Big Fish


There is an old saying about fishing: “Give a man a fish, and he will eat for a day. Teach a man to fish, and he will eat for a lifetime. Take Luke Robinson fishing, and it’ll be a really, really long, headache-inducing evening.”

OK, I made that last part up myself, but it doesn’t make the statement any less true. I am a bad fisherman. All of my fish tales involve “the one that got away” at Captain D’s. I couldn’t catch a catatonic carp in a baby pool.

Somehow, someway though my oldest son, Truitt, has the fishing fever. Or bug. Or worm. Or whatever they call it. I dunno. So, on Truitt’s seven-week stint with me this summer, I promised to take him fishing on lovely Lake Martin.

As I said, however, I am terrible at fishing. Therefore, in order to successfully take my son out on the lake to hook the big one, I needed help. Herculean help. Thankfully, Lake Martin fishing guide’s David Hare is just such a Hercules—in a fishing-ly, metaphoric sense because really David is not that big of a guy or anything.

Anyhoo, I set up the night fishing trip and Truitt, his buddy Robert, and my friend Justin all get set to reel in fish large enough to make the Gorton’s fisherman himself exclaim, “Great Cod Almighty, those are
big fish!”

The trip began at Kowaliga Bridge where David masterfully lowered his boat into the water. He then used a remote control—YEAH! A REMOTE CONTROL! —to back the boat off of his trailer. Then, by some
satellite GPS-do-hitchy magic, he commanded the craft to stay put until we were all
on board.

Immediately, I was thinking, “Uhhhh, this guy can drive a boat better via remote control than I can with my hands at 10 and two on the steering wheel!”

Off into the (kinda) deep blue (or greenish-brown) sea (lake) we go. I can’t tell you the spots we went or David will stick some other remote controlled device on me no doubt (true fisherman keep their honey holes secret), but I will say that our three main locations for fishing were quite surprising to me.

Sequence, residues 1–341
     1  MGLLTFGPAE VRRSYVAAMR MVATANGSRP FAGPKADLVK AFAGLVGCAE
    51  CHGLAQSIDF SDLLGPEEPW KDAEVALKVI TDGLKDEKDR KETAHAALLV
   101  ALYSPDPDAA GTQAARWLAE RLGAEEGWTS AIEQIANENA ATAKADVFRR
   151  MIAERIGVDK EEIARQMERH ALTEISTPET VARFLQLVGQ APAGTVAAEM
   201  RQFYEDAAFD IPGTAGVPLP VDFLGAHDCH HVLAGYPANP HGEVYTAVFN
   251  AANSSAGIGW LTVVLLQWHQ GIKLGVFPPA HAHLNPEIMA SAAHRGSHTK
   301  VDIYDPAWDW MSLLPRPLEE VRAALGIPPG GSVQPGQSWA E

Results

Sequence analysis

I had always believed fish like trashy areas with old, sunken Christmas trees or driftwood. Well, maybe some fish like those areas, but not the fish we wanted.

We were hunting striper bass. That’s right. Striper bass.

(At this point in the story it is important to note I know nothing about striper bass. He could have said we were fishing for the elusive “Yeti-finned large mouth copper-headed batfish,” and I would have nodded as if I knew that existed.)

Let me you one thing about striper bass fishing that night: The sea was angry, my friends.

Not really. It was actually quite calm, but the fish weren’t incredibly hungry. David’s fish-finder lived up to its moniker, but the fish just weren’t biting like they should. That happens on fishing trips. Fish can be fickle. Maybe it was too hot (it was July after all), or maybe they all had a big lunch at Golden Corral. Who knows.

Then, out of nowhere, a strike. Not just a strike. This fish was hooked.

Truitt’s eyes grew as large as a Yeti-finned large mouth copper-headed batfish. David got Truitt to the reel quickly and guided him through the process of bringing the giant lake monster in the boat.

Back and forth. Blow for blow. Fish versus preteen. Until eventually Truitt reeled the striper to the top of the water where David scooped him up. Quickly, the fish was released from his hook, weighed, and given to Truitt to hold for photographic evidence.

Fourteen pounds of scaly accomplishment. Is that big? I am still not sure. Based on David’s history on the lake, I bet he catches fish like that all of the time. It doesn’t matter. Truitt was beaming, and it’s something I will never forget.

Later, Robert caught a fish of similar size. Only two striper bass were captured that evening. They were enough, though. Enough to make both boys happy and one dad even happier.

Of course, Truitt and Robert had both fish mounted. A word of warning: That ain’t cheap financially. But emotionally? For your kid’s first big fish? It’s worth every penny.

Bottom line (hook and sinker included): Alex City Fishing Guide is the ONLY way to fish on Lake Martin. Oh you can snag something without a guide, but the memories we reeled in could only be caught with David Hare’s help.

If you are interested in a truly awesome time on Lake Martin, I HIGHLY suggest Alex City Guide Service. Call David at (256)401-3089 or find him on Facebook by searching Alex City Guide Service.

Take it from this seasoned fishing veteran: You’ll be hooked on Alex City Guide Service as David feeds you no lines, chum!

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